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Getting Started With The Servo:Lite Board

In this getting started guide for the Servo:Lite board for the BBC microbit we cover; attaching the Servo:Lite board to a microbit, the microbit pin assignments, and how to write code to control the lights on the board and the servos that are connected to it.

Servo:Lite board

All of the code included in the guide is available to download, you can find the download button on each of the embedded code examples. We have also included links to other useful resources that we have produced for this board.

 

Getting Started With The Servo:Lite Board: 

The Servo:Lite board for the BBC micro:bit is a simple board that allows you to easily connect and control low power servo motors (servo's must be capable of operating at 3.3V) using the BBC micro:bit. It is connected to the micro:bit using five bolts. Connect two servos in standard configuration and it can drive up to 3 servos if the addressable ZIP LEDs aren't needed.

It is powered by 3 AAA batteries and also supplies power to the BBC micro:bit, the board features an On / off switch so when it's not in use the batteries won't drain.

 

Attaching A microbit To The Servo:Lite Board:

Servo:Lite board

The board has been designed so that the BBC micro:bit can be bolted to the front, using the supplied spacer and 5 M3x8 countersunk machine screws (See above image). Once connected, 3 x AAA can be inserted into the attached battery cage on the rear of the board. For more information please refer to the Servo:Light Datasheet.

 

Servo:Lite And microbit Pin Assignments:

microbit. Servo:Lite.
Pin 0. ZIP LEDS.
Pin 1. Servo 1.
Pin 2. Servo 2.

 

The board includes an integrated nut and bolt connection for the BBC micro:bit pins 0, 1, and 2. The above table shows how the microbits pins relate to the Servo:Light boards functions. For more detailed information please refer to the Servo:Lite Datasheet.

 

Connecting Servos To The Servo:Lite board:

attaching-servo-to-servo-light-board-for-microbit-870

The above image shows the positions of the Servo 1 and Servo 2 connections and it also indicates which pin is which for each connection. The image below shows the type of connector for the Kitronik range of servos and the wire colouring. If you are using a servo with different colourings than are shown below, please refer to the datasheet for that product.

When connecting the servo to the board, the brown wire would be connected to the top pin on the board and the orange signal wire would be connected to the bottom pin.

2565_mini_180_degree_servo_pin_assignments

 

 

Writing Code To Control The ZIP LEDs:

In order to write code for the microbit to control the ZIP LEDs on the Servo:Lite board, we need to open a browser and go to the MakeCode Editor.  If you are going to create the code yourself you will need to add the neopixel functionality to the editor. To do this, click on the Advanced option and then select Add Package at the foot of the menu, the Neopixels option will be displayed and can be clicked on.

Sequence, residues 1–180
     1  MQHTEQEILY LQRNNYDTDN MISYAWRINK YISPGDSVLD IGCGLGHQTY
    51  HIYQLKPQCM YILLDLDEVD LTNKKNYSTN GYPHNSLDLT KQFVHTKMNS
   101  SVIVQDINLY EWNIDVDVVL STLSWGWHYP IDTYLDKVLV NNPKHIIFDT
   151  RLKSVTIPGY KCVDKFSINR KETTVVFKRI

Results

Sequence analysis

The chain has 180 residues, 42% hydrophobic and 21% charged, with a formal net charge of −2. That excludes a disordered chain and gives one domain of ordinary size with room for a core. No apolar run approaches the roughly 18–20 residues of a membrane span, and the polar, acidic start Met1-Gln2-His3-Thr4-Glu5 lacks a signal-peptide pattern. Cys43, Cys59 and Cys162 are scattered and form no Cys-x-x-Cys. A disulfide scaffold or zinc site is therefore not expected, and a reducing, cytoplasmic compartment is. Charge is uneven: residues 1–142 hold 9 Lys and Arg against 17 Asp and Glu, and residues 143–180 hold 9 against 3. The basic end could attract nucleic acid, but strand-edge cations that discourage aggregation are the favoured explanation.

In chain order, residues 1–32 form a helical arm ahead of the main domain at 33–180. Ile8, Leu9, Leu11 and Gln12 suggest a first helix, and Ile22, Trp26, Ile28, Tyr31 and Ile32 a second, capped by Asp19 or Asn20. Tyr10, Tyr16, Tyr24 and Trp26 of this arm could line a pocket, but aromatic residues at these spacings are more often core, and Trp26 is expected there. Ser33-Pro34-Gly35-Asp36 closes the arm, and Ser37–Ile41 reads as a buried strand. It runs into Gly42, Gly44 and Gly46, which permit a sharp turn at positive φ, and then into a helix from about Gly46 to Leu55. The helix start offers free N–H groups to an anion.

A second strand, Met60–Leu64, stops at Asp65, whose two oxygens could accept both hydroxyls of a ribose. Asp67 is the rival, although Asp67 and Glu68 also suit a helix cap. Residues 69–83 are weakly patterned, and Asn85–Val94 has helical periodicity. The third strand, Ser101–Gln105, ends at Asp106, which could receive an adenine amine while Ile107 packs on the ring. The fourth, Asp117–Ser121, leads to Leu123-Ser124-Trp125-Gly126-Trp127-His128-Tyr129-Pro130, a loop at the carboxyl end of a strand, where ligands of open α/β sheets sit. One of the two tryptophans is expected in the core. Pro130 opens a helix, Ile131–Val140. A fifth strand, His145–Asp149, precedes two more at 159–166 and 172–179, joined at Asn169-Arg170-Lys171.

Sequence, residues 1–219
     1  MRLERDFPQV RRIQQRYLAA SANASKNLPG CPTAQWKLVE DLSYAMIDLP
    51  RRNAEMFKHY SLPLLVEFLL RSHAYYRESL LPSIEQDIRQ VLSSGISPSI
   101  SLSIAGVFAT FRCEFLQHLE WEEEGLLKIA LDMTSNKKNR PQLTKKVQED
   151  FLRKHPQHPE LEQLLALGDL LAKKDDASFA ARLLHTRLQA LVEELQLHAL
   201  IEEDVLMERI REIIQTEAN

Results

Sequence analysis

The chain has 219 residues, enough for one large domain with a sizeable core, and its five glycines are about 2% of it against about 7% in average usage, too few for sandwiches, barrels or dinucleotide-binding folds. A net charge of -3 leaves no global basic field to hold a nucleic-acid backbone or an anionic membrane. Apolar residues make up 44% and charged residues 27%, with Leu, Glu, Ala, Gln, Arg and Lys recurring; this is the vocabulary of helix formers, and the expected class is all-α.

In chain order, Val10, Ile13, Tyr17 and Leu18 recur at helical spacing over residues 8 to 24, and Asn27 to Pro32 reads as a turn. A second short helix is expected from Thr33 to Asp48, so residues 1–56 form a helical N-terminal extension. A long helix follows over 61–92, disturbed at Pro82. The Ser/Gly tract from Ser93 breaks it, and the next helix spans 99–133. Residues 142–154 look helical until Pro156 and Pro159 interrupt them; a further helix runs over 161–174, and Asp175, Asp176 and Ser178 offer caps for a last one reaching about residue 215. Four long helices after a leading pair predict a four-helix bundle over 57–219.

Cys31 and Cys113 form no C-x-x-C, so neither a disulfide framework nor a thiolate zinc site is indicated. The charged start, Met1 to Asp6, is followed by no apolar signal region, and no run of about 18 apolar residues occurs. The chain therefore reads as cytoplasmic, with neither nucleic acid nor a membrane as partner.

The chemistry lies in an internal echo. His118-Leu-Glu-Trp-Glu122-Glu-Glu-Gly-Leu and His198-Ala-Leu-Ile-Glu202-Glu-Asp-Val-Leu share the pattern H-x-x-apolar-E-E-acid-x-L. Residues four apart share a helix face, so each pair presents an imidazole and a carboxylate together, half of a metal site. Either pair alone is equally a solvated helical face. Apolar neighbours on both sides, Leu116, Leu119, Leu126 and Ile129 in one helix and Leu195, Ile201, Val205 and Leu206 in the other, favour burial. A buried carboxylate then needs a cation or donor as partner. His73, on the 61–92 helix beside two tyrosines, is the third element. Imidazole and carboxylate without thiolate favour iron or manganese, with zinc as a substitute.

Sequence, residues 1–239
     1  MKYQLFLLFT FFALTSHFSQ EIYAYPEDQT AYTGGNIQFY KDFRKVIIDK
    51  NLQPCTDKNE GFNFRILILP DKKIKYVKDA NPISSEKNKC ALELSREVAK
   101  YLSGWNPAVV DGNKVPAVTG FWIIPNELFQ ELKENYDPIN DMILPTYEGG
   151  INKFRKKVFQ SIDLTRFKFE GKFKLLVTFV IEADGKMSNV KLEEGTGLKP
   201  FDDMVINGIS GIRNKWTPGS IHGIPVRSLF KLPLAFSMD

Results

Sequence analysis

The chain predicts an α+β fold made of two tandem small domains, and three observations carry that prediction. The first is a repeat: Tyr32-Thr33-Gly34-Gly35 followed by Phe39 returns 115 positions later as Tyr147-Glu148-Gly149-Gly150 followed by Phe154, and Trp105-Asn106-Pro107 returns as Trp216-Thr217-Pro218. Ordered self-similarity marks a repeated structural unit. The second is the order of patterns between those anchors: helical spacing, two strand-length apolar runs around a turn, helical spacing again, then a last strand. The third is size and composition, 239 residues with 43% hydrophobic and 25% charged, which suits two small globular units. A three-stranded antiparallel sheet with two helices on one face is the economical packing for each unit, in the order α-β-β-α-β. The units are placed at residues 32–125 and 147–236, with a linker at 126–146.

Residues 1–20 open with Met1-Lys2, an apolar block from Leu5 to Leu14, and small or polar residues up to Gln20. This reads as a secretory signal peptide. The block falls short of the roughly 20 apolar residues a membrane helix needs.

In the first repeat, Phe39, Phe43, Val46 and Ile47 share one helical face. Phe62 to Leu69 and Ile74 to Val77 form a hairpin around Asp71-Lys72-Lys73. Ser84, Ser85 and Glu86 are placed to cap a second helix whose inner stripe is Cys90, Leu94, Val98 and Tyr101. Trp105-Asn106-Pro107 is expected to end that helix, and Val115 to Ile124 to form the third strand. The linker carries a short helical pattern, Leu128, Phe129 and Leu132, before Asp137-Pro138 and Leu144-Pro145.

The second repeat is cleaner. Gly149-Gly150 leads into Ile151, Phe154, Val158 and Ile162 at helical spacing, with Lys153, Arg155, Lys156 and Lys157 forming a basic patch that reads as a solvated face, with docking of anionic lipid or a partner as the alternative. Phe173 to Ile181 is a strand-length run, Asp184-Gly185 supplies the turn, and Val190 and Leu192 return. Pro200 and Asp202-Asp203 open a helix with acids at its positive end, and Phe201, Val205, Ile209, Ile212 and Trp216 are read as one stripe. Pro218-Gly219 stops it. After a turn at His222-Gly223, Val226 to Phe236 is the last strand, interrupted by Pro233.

If you are dragging a hex file that contains neopixel blocks into the editor you will not need to Add Package as this is done automatically.

 

In the above example, we have two loops; the 'On Start' loop and the 'Forever' loop. In the 'On Start' loop we have created a variable to hold information about the ZIP LEDs; which microbit pin is being used to control them, how many LEDs there are, and what type of LEDs are being controlled. We then reduce the brightness a little and display a static rainbow pattern across the five ZIP LEDs.

In the 'Forever' loop we have three lines of code to animate the display by cycling each LED through the shown colours, the pause is to slow the cycling to speed so that our eyes can easily detect what is happening.

To grab the code, click the download button in the embedded editor above.

Writing Code To Control 2 Servos:

 

In the above code example; pressing button A rotates both servos by 180 degrees and pressing button B rotates them both back to their starting point. This code will allow you test that the Servo:Lite board is working and that the servos are behaving as expected. For more detailed coding guides, please refer to the further information links below.

To grab the code, click the download button in the embedded editor above.

 

Getting Code Onto The microbit: 

Once you have downloaded the code to your computer, you will find the HEX file in your default download folder. Connect the microbit to your computer via USB and you will see it show up as a removable drive called MICROBIT. Pick up the file you downloaded and drop it directly onto the MICROBIT drive.

The light on the back of the microbit will begin to blink, once it has stopped blinking the file will have finished transferring to the microbit and it is safe to either unplug the microbit or begin using the program.

The MakeCode Editor itself is also drag and drop, allowing you to drop a HEX file into the editing area and it will open the file as a program allowing you to edit it.

 

Other Useful Information:

Links for the Servo:Lite Board Guides:

Links for :MOVE mini Guides:

 

NeoPixels® is a registered trademark of Adafruit Industries LLC.

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